Why are Franchises Failing and Flopping? There are reasons and they’re not terribly mysterious. In fact, predictably logical.
Follow these rules to avoid a Summer Flop, moving forward:
1: If your film is called ‘Godzilla..’..then you better feature a lot of..Godzilla?
King of Monsters is flopping, hard. Why? Coz there is not enough monster mash. I don’t go to a movie that is advertised as fire breathing dragon vs fire breathing dino-God..to see lots of..Charles Dance, pontificating. I exaggerate, slightly. But it’s not THAT extreme a suggestion that one comes away feeling they saw more of slow talking, precisely clipped vowel chewing, elegant yet tough English actor du jour off Game of Thrones than they did of the big monster mash. Yes, these movies can add layers of texture, suspense, character. That’s fine. But even 2014’s Godzilla from Gareth Edwards was pushing things to the precipice of pretension with its minimal use of the titular sort of monster. King of Monsters also suffers because there was also not enough Vera Farmiga: lovely and deserves her own franchise.
2: Don’t Presume Audiences’ Lasting Love and Really, above all, avoid the Prematurely Mawkish Send-Off
X Men: We DO love First Class and Days of Future Past. But those are a self contained franchise, despite the sort of connection to the original movies from 2000-2006. So, marketing this as a big farewell to the WHOLE series was not a smart move. It’s confusing. Matters compounded by Dark Phoenix looking like a virtual remake in all but name of X MEN 3: THE LAST STAND? So which is it? Are we saying goodbye to the whole brand, forever?
Is it a mere hiatus, pre Disney/Marvel Cinematic Universe deciding what to do (in which case, why not just dump this in Disney Plus?). The smarter thing would have been to ignore finality; be political and just keep telling the audience it’s business as usual! Granted, ENDGAME just broke all box office records with the very finality I cited as poison. But that had been very carefully choreographed, planned and earned. Also, it was long and epic and is still in Cinemas, thereby monopolising the whole ‘super- hero swansong’ market. We are all super-hero death’d out for now, thanks!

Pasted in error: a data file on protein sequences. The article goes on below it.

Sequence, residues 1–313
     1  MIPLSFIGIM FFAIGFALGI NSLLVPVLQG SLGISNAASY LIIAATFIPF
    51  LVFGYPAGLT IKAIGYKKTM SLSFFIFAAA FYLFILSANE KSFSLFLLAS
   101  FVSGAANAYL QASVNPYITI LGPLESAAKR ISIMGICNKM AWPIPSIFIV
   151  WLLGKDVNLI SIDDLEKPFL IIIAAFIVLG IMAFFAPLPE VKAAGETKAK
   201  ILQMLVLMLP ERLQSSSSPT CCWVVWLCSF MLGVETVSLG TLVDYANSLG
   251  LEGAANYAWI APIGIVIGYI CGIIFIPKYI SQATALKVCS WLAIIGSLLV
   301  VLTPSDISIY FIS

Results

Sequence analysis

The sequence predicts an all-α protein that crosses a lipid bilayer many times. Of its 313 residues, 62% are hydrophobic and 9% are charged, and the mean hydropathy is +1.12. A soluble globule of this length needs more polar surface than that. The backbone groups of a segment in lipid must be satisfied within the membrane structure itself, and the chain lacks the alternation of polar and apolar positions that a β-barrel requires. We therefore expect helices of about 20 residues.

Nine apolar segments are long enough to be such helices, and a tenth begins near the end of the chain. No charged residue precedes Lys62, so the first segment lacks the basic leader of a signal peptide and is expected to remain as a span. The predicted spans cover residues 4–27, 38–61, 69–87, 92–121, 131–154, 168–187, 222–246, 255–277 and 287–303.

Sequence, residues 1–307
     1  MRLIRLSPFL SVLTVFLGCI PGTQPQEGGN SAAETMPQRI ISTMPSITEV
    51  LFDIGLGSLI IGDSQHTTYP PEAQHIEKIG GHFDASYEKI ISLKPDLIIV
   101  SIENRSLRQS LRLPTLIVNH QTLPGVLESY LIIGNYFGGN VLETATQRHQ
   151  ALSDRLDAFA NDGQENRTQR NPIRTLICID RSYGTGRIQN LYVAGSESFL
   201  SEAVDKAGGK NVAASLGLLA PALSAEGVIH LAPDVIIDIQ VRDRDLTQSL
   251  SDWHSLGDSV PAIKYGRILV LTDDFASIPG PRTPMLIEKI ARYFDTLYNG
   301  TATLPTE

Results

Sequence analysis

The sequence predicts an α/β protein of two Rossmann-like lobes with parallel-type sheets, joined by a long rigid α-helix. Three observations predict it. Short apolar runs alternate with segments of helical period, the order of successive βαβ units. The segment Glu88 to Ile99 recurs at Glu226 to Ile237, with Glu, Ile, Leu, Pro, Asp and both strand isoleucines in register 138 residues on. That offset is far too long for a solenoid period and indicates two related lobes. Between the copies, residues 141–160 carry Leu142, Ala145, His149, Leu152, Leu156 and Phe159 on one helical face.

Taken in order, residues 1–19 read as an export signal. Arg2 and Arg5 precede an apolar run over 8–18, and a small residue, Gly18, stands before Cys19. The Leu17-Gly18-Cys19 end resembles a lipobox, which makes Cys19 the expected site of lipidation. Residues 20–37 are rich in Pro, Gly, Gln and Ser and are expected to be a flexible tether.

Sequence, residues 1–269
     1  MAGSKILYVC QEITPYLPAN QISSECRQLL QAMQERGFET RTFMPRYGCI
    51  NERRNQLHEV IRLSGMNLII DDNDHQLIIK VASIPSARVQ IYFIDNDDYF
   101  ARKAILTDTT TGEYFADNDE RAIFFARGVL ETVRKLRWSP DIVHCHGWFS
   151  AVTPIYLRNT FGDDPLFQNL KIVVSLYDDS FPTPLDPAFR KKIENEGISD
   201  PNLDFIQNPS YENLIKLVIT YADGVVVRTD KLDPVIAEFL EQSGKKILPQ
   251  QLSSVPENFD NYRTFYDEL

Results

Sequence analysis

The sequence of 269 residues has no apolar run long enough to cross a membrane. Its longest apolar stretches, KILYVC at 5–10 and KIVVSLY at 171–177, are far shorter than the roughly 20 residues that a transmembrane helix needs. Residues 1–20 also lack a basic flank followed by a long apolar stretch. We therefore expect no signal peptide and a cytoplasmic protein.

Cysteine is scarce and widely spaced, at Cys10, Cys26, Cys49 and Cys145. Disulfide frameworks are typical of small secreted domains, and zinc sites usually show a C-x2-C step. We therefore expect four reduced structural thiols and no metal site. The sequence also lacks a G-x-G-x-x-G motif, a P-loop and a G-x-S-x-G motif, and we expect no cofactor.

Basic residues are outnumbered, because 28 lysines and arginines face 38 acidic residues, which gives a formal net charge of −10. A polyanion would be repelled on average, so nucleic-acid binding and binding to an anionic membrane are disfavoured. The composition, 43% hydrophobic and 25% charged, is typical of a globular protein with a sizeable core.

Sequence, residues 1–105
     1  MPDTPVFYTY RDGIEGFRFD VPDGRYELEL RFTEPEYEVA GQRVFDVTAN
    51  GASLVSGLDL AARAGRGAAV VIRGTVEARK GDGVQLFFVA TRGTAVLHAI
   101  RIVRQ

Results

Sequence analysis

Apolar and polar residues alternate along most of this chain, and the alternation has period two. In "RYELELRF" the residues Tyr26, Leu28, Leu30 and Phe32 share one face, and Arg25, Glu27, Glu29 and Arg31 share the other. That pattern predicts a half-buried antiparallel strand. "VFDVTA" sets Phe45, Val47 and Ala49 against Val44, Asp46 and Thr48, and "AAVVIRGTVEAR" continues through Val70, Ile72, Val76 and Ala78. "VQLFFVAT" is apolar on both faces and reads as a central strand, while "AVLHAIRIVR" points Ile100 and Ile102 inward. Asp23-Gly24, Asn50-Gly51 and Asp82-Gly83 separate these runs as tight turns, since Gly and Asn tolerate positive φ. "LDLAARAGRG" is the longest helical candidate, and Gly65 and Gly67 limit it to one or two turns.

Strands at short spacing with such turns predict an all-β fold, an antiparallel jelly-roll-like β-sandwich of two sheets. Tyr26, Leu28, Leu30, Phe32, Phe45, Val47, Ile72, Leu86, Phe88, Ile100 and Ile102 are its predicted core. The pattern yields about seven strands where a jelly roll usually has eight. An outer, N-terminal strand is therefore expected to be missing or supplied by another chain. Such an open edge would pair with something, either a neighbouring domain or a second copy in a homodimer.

3: NEVER, EVER, EVER…Delay your Critics’ Showings
If you use a review embargo too tightly or prevent a critic screening til the eleventh hour? You might as well doom your film to the realm of the flop, both critically and commercially. It says you have something to fear and in many cases? That’s correct. Besides, the critics do not like to be kept waiting and you might as well brave the bad reviews or even brace yourself for a pleasant surprise. And if the worst comes to the worst? Just embrace the ‘so good it’s bad’ label!
4: Don’t Muck Around with Release Dates
Procrastination is the thief of time, opportunity and Box Office cash. Of course, you will encounter sudden additions to calendars and sleeper hits. But if you KEEP moving dates? Then you are just running scared and tinkering a turkey. People lose interest. Fast. Had Dark Phoenix simply bitten a box office bullet last Christmas, even? It’d be a different story, I suspect?
5: Avoid Delays if Possible. But don’t Over-saturate, either: Beware the Brand Fatigue!
Aladdin has performed well, contrary to certain expectations / actual claims. It’s a hit and a secure one. Guy Ritchie and Disney can sleep safely at night for the summer! And yet? It was not quite the MASSIVE hit it perhaps COULD have been, had Disney simply SLOWED DOWN a bit on the whole ‘live action remake’ parade. THREE this year alone, with Dumbo having been and gone and Lion King on its way. Equally, beware the sleeper hit that takes off and becomes massive franchise: that can both wipe out its opposition but also, thereby undo its won appeal, longer term? JOHN WICK 3 has been a huge hit. Consequently? JOHN WICK 4 has been given a green light for 2021 (a summer in which it faces both Mission:Impossible and Indiana Jones, to name but a few).
That’s fine. Except that the appeal of the initial John Wick was its underdog status, coming form nowhere. Though ripe for expansion to its own universe of sorts, there is every equal possibility that audiences will already have moved on within 2 years and ironically because there has been too much, too soon? Whilst that is unlikely, ultimately? It is by no means impossible. See also: BOND 25, currently untitled (maybe just call it JAMES BOND thereby competing with the JOHN WICK /JASON BOURNE style of minimal branding?). It will have been almost FIVE years since SPECTRE when we see 007 onscreen again, next year. That can go one of two ways. Either it excites us all so much to see Bond back, at last or an entire generation of new movie goers have forgotten him already. THAT’S how fickle we all are: timing is everything and, despite all advice above? LUCK is also a MASSIVE factor in these things.
Anyway, do not panic. Summer is STILL young and plenty more big hitters on their way to save the Box Office. Half Time. Everything to Play For?